Tell us a little about you and your organization.
Founded in 1834, Franklin College (FC) is a small liberal arts based institution located 20 miles south of Indianapolis in the city of Franklin. With 55 majors, 41 minors, and 11 pre-professional programs from which to choose, Franklin College offers students hands-on learning experiences, as well as a commitment to ethical leadership at home and abroad. Our campus emphasizes the importance of being exposed to global experiences both on- and off-campus while also striving to create a welcoming inclusive environment for international students to study in the United States.
As a proud alum of Franklin College, I returned to the college 4 years ago to run the college’s first office dedicated to overseas study, the Office of Global Education.
What does “cultural competency” mean to you and your organization?
To our office, cultural competency is the ability to assess your own world view while also understanding and appreciating the world views of others.
What prompted you to contact The International Center’s global competency department?
When the Office of Global Education was established on campus four years ago we recognized the need for the international initiative to be campus wide rather than the mission of just one office. At the time we were looking for local resources that would encourage conversation on campus while also providing contextual education on how our campus could challenge ourselves to think further in developing our international support systems. We were looking for a program that could provide a generalized training on a variety of cultures while also looking for a resource that could be customized to the current campus climate.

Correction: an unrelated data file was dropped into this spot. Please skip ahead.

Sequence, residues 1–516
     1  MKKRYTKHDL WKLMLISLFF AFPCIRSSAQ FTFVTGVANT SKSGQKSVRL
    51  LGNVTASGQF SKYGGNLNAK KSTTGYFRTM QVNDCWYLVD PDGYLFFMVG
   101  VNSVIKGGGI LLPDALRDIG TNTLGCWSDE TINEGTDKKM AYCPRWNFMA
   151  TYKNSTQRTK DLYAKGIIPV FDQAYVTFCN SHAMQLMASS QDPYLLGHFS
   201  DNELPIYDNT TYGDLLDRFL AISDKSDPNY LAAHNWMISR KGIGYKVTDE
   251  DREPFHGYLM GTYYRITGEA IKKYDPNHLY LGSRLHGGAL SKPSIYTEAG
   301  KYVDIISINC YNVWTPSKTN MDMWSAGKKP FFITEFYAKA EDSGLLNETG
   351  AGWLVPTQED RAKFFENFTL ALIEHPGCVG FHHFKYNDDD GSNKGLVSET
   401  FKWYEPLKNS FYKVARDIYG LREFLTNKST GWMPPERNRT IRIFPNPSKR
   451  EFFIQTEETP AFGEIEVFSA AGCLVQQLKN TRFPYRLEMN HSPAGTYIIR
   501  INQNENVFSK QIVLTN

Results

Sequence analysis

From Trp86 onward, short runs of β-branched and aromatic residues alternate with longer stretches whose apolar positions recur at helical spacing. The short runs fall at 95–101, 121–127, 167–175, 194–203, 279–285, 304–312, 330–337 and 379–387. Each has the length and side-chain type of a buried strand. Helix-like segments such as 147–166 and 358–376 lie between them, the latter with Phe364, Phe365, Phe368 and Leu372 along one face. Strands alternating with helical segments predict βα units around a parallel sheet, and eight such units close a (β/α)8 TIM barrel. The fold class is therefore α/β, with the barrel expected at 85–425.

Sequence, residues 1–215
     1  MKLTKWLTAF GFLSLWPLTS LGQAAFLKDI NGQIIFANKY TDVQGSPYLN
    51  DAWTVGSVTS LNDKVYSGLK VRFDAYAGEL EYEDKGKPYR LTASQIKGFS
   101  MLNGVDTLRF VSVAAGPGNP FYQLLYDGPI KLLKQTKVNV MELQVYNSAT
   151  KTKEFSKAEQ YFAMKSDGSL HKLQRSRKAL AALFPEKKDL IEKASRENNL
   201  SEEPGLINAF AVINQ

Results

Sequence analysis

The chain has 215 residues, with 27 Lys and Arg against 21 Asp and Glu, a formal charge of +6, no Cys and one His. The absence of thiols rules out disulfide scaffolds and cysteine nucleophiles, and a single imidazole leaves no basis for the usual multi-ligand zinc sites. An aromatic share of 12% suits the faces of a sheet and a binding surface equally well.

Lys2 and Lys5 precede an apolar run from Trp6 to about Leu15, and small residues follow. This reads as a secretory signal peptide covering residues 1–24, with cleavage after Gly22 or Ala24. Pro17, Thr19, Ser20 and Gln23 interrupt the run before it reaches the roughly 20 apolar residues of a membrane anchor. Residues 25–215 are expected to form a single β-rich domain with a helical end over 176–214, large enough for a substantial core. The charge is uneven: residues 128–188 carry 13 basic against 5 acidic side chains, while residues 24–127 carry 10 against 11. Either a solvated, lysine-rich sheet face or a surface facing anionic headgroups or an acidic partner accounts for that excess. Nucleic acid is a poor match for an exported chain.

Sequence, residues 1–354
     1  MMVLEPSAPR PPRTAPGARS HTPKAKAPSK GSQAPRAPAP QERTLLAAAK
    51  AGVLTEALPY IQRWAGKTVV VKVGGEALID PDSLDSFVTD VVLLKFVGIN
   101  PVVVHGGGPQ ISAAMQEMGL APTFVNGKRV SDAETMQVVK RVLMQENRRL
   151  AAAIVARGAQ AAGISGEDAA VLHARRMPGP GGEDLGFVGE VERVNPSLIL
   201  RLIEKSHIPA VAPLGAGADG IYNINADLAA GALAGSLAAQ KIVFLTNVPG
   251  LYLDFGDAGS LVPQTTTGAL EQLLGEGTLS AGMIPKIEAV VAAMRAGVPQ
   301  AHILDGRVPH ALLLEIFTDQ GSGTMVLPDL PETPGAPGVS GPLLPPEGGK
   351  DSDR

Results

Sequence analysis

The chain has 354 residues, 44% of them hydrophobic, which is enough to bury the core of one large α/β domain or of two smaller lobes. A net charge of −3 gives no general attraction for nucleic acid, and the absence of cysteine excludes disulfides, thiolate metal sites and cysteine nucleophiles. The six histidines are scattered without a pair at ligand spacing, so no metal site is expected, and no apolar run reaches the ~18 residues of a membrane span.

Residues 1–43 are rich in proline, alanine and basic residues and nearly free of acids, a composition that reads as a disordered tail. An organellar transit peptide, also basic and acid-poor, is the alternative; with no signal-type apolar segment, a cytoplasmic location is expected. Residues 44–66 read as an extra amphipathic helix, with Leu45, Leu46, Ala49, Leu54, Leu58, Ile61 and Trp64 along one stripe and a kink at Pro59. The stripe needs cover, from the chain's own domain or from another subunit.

How have cultural competency training sessions helped you/your employees/your organization? What have you learned?
The training Ansuyah and her staff led was tremendously helpful in starting a conversation on campus regarding cultural inclusivity. We believe this training led to increased knowledge and resources for international students, as well as an increase in the number of FC students who have shown an interest in study abroad. Our campus simply feels “more educated” as a community. The first training was received so well that we invited Ansuyah back to campus this past January for a follow-up training. Enrollment for the training filled instantly! In the program reviews, staff members in attendance noted that the training and information provided was some of the most engaging and useful they have been presented with since working at our institution!
What would you tell organizations considering cultural competency training?
In a time where many institutions are facing budget deficits, I would note to any college or university trying to internationalize their campus that the training offered by The International Center is invaluable. As a campus we now have a body of knowledge that we can all build from and refer to when creating future initiatives and programs for our international and domestic students.
By Jennifer Cataldi, Director, Office of Global Education at Franklin College
Thank you to Jennifer Cataldi and the Franklin College community for your ongoing commitment to diversity and for participating in the Global Competency Spotlight series. To learn more about The Center’s global competency department, please contact Ansuyah Naiken.